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Aston Villa’s appointment of Steven Gerrard was a gamble but they have to hold their nerve



What is the difference? Both have the same number of points this season, and over the course of their short spells in charge even Lampard will admit his side is still a long way from where he wants them to be.

But while Evertonians were relieved Lampard was appointed ahead of Vitor Pereira – and understood the difficulties he faced reconstructing the team – from day one there has always been a sense that there was a solid foundation upon which to build at Villa.

Smith finished 11th in 2020-21, and for a long stretch of that season European qualification looked possible. There was no clamour for him to be sacked from the hardcore Villa fans who saw Smith as one of their own. It felt like the club wanted a change more than their supporters.

Villa lost stardust on the pitch when Jack Grealish joined Manchester City. With Gerrard, they have it on the touchline. With respect to Smith, Gerrard’s appointment elevated Villa’s profile to a global stage.

While Lampard has had an opportunity to manage Chelsea so is not viewed with suspicion by Evertonians as mapping out stages of his career, Gerrard has been fighting the perception that Villa is a stepping stone towards the ultimate goal of becoming Liverpool manager.

Gerrard’s commitment to Villa cannot be doubted

That is unfair. Wherever he goes, he cannot erase memories of his career or his feelings towards the club with which he will be most synonymous. But anyone doubting his commitment to whatever task he is given seriously underestimates him.

What Gerrard is going through now is one of the reasons many top players are put off management. Yes, the rewards are exceptionally good but your reputation is always on the line, your qualities constantly analysed and re-analysed to the point where the characteristics once referenced to praise you become ammunition for critics.

Take the example of Gerrard signing Philippe Coutinho. When the Brazilian joined Villa on loan it was presented as the kind of coup only a manager with Gerrard’s kudos could have inspired.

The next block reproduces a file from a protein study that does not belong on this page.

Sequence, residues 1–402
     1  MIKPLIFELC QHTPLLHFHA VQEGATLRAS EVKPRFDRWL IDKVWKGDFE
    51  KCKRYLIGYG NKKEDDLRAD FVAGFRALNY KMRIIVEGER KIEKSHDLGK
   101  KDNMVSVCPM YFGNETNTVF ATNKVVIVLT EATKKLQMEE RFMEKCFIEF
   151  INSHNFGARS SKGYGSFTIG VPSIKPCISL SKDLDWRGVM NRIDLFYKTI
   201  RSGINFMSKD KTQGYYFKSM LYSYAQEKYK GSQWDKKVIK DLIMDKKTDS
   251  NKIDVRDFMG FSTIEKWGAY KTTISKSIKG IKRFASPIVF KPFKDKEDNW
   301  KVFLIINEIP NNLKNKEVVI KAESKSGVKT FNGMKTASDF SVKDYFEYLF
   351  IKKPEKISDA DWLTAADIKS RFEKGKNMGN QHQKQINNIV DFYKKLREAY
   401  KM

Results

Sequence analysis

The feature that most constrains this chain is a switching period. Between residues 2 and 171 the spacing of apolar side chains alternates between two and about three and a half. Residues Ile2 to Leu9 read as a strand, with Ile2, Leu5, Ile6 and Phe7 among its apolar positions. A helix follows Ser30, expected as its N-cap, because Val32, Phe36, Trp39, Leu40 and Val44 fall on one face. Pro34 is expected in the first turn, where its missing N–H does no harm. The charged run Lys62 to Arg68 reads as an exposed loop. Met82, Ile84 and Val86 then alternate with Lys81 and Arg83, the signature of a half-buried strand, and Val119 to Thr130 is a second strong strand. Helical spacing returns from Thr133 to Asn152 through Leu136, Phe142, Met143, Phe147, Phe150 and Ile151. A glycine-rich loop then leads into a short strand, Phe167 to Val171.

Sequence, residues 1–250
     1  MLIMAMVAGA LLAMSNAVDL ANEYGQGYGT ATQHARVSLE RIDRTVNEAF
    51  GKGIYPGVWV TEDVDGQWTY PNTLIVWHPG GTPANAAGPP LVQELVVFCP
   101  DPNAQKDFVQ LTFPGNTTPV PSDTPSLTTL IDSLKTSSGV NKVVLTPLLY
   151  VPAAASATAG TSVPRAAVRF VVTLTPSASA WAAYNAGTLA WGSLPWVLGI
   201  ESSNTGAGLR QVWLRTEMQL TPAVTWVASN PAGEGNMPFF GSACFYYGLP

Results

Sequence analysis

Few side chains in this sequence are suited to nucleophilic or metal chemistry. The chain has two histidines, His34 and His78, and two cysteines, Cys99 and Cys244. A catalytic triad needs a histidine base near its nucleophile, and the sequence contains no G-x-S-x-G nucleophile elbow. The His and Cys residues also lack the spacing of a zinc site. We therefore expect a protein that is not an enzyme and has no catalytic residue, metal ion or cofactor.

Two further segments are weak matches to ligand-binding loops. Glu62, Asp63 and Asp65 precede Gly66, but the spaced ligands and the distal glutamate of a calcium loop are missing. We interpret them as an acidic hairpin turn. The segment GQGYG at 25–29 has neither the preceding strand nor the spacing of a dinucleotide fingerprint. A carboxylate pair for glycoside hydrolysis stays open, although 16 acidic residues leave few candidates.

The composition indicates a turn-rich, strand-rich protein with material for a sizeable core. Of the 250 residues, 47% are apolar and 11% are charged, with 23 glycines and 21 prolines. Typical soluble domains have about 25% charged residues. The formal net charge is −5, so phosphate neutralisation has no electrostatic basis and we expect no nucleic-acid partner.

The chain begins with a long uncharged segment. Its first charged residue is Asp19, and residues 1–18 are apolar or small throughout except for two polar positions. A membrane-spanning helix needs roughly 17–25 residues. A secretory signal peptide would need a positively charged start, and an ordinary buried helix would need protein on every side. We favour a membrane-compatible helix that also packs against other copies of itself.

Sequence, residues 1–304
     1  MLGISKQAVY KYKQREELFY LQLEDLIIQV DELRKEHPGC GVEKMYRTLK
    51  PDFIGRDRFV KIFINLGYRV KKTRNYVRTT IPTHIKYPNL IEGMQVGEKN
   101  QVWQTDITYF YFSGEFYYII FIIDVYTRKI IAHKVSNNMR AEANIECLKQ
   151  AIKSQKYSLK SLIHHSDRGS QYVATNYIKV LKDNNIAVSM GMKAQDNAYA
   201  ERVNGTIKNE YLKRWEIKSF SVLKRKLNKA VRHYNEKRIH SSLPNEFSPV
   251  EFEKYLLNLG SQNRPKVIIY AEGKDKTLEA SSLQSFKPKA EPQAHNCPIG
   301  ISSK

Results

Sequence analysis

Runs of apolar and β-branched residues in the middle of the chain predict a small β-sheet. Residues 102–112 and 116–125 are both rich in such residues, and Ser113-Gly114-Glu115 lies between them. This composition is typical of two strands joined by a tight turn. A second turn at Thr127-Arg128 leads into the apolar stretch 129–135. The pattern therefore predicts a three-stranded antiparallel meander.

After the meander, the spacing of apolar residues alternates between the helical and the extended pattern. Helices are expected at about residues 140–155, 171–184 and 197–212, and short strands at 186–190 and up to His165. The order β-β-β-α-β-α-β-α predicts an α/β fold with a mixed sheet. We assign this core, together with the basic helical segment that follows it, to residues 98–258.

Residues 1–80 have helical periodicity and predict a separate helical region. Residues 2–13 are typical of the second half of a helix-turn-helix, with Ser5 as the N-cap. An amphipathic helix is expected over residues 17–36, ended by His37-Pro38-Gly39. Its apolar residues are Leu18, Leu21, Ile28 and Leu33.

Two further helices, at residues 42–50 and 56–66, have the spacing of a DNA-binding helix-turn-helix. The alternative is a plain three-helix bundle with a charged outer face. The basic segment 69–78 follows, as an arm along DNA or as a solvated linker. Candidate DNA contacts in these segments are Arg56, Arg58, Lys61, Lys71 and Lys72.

Now, because Coutinho has not delivered beyond his initial, encouraging promise, his signing is seen negatively, and one which had Gerrard’s fingerprints over it, especially as he is being picked ahead of Emi Buendía. What looked at the time to be a no-brainer deal will be remembered as a waste of the club’s resources unless Coutinho starts producing. It is too soon to completely dismiss that signing as a mistake, but he certainly needs to start justifying his salary.

However, the other major issue of the summer – stripping Tyrone Mings of the captaincy – became much bigger than it needed to be.

How much patience is there at Villa Park?

I suspect Gerrard picked up a valuable lesson in the fall-out to the Mings situation: do not create unnecessary headlines out of the factors you can control because there are enough of them to deal with from those you cannot.

When Gerrard had a fully fit squad and Mings was not in the starting XI, John McGinn would have been captain anyway. There would have been less fuss if he decided to let McGinn retain the armband if and when Mings played his way back into the line-up. Now, on the back of a poor start to the season, the handling of it has become one of the sticks with which to beat the manager.

The question is, how much patience is there at Villa Park? Purslow put his reputation on the line in securing Gerrard and the manager will start feeling the heat when it starts coming from the hierarchy as much as the stands.

Whatever happens, Gerrard will be a better, more knowledgeable and streetwise coach on the day he leaves Villa than he was on the day he joined. That is the enduring irony of modern management. The greatest, elite coaches say they learned more from their failures than successes.

For his sake, Gerrard needs a shift in momentum to ensure it is Villa – not his next club – reaping the rewards of what he is learning during his current difficulties.



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